By Ray Stern
By Ray Stern
By New Times
By Amy Silverman
By Stephen Lemons
By Stephen Lemons
By Monica Alonzo
By Chris Parker
Manchester describes how Jackie chose the grave site:
"Her first visit to Arlington [following the assassination] was like the opening of the final act of Our Town. The steady rain was glacial, numbing. The arrival of the commander in chief's widow raised martial chivalry to a new pitch, and she stood beneath massed umbrellas, contemplating the silent scene for 15 minutes. "She remembered her intuitive flash of nearly three years before. She reflected how lovely the Robert E. Lee Mansion could be when you drive across the Memorial Bridge and saw it all lit up."
She saw history in the making. Jackie Kennedy, even in her grief, was able to look ahead and make a decision which would secure her a place in history. Manchester's 700-page book was a blockbuster hit upon publication in 1967. It sold 558,419 copies in bookstores and another 812,813 through the Book-of-the-Month Club. An additional 314,000 copies were sold in 11 foreign countries for which records were available. There are currently no figures available about paperback sales.
Jackie's entire life was played by the rules she set down. We know of only one interview other than the ones she granted to Manchester. The second came this past year in a trade journal titled Publisher's Weekly. She did it only because of her job of editing books at Bantam-Doubleday. But even on this occasion, Jackie gave orders that there were to be no cameras or tape recorders, and she also demanded the right to approve any quotes that were to be used.
The general public really doesn't even know what she looked like at the time of her death. Whenever she was photographed, she was wearing a scarf and oversize sunglasses. For all we know, she hadn't changed from the last time we all saw her in Dallas in that pink Chanel suit. She had begun that fateful ride in Dallas as a first lady and finished it as a legend. We know that in her work as a senior editor at Doubleday, she came to the office three days a week and ate a lunch of carrot sticks or celery at her desk. Her fellow workers insist she was a marvelous editor who really remembers what books she edited. Her spending habits on clothes and makeup reached mythical dimensions. Is it any wonder then that we remember how smart Jackie always looked?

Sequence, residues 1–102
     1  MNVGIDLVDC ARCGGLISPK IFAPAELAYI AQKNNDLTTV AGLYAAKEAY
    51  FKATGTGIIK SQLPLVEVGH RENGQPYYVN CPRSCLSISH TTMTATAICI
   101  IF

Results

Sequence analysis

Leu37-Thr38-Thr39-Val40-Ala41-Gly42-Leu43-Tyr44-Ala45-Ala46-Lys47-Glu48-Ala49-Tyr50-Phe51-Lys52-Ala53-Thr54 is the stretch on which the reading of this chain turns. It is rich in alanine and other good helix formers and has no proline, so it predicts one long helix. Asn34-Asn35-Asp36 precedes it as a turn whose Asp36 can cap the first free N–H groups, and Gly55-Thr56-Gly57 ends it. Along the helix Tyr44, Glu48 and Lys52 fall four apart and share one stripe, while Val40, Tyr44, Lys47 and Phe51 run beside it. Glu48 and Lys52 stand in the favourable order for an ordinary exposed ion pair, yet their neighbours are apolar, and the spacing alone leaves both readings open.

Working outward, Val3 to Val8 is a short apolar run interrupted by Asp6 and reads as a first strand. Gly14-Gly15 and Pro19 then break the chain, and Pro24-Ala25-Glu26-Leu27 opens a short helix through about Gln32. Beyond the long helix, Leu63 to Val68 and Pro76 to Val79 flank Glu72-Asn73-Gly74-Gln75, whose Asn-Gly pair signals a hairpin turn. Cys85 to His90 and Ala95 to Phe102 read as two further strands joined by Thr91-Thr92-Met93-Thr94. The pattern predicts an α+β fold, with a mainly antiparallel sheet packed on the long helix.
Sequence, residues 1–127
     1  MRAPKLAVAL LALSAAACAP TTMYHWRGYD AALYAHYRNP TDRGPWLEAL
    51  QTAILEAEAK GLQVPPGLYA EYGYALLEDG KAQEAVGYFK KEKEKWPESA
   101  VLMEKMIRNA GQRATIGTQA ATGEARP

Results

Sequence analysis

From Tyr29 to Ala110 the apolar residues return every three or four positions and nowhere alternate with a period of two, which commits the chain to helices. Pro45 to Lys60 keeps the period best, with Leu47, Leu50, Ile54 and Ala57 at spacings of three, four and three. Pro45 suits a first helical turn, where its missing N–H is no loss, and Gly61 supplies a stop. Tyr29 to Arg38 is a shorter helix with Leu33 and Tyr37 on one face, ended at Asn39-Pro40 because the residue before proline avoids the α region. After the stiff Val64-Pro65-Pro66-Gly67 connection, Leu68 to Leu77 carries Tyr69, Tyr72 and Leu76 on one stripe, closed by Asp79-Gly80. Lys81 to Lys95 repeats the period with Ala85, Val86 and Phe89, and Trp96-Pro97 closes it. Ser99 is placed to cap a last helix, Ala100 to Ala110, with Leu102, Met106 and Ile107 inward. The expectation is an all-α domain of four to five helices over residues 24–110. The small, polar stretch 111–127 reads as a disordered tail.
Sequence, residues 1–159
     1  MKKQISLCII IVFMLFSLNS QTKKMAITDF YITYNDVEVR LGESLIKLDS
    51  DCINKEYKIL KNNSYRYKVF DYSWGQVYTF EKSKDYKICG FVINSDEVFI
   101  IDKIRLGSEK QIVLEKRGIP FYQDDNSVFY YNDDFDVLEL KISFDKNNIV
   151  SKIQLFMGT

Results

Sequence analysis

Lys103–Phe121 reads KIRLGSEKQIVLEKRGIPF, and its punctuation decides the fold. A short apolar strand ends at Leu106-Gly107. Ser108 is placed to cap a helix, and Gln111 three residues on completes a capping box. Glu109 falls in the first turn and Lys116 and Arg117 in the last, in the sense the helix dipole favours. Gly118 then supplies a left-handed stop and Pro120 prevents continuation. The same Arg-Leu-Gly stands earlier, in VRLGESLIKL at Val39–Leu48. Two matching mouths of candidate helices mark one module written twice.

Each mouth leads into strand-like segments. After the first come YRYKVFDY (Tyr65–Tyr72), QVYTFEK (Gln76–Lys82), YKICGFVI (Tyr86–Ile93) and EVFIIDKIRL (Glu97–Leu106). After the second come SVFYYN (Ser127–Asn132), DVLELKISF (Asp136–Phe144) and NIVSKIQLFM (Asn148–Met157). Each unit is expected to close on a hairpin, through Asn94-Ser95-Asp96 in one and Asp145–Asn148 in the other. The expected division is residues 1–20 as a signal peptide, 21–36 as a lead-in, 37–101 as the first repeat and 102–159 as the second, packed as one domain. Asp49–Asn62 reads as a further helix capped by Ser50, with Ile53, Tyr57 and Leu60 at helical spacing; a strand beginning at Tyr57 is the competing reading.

And yet Jack and Jackie brought something to the White House that we have not seen there since.
There was a night that playwright Tennessee Williams, actress Julie Harris, novelist Saul Bellow and conductor Leonard Bernstein were guests. On another occasion, dozens of Nobel Prize winners were entertained at a single sitting.
For President Kennedy's funeral, Jackie was warned by church authorities that Washington's St. Matthew's was too small. "I don't care," she said. Then, speaking of the visiting dignitaries, she said, "They can all stand in the streets if they have to."
At her own funeral in New York City on Monday, the general public was forbidden entrance to the church. Arlington National Cemetery was closed to the public for the day, too. In the end, she made everyone stand in the streets for her own funeral. When it was announced that Jackie would be buried alongside her first husband at Arlington National Cemetery, a final piece of the puzzle fell into place. It became apparent Jackie had planned for this eventuality more than 30 years ago--the weekend of the assassination. So her arrangements with Onassis and Maurice Tempelsman never had permanent status. Onassis and Tempelsman were merely stations of the cross on her way to her place in history. Her destination had always been Arlington and the vacant space at the side of President Kennedy. The journey to Dallas was finally ended. But Camelot lives.